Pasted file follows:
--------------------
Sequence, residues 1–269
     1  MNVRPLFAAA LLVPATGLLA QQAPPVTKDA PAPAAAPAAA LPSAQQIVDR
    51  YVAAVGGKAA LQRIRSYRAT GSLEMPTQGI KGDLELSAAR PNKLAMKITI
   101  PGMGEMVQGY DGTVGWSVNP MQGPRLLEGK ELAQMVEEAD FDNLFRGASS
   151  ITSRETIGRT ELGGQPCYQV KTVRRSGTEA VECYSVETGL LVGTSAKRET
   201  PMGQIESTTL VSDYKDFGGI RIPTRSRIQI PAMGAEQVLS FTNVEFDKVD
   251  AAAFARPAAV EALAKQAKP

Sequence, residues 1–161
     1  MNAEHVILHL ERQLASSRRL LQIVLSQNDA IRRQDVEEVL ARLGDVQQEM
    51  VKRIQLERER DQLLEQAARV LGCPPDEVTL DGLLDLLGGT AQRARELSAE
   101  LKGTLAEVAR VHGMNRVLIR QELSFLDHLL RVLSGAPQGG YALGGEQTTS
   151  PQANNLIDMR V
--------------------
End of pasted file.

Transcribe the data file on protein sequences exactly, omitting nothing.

Sequence, residues 1–269
     1  MNVRPLFAAA LLVPATGLLA QQAPPVTKDA PAPAAAPAAA LPSAQQIVDR
    51  YVAAVGGKAA LQRIRSYRAT GSLEMPTQGI KGDLELSAAR PNKLAMKITI
   101  PGMGEMVQGY DGTVGWSVNP MQGPRLLEGK ELAQMVEEAD FDNLFRGASS
   151  ITSRETIGRT ELGGQPCYQV KTVRRSGTEA VECYSVETGL LVGTSAKRET
   201  PMGQIESTTL VSDYKDFGGI RIPTRSRIQI PAMGAEQVLS FTNVEFDKVD
   251  AAAFARPAAV EALAKQAKP

Sequence, residues 1–161
     1  MNAEHVILHL ERQLASSRRL LQIVLSQNDA IRRQDVEEVL ARLGDVQQEM
    51  VKRIQLERER DQLLEQAARV LGCPPDEVTL DGLLDLLGGT AQRARELSAE
   101  LKGTLAEVAR VHGMNRVLIR QELSFLDHLL RVLSGAPQGG YALGGEQTTS
   151  PQANNLIDMR V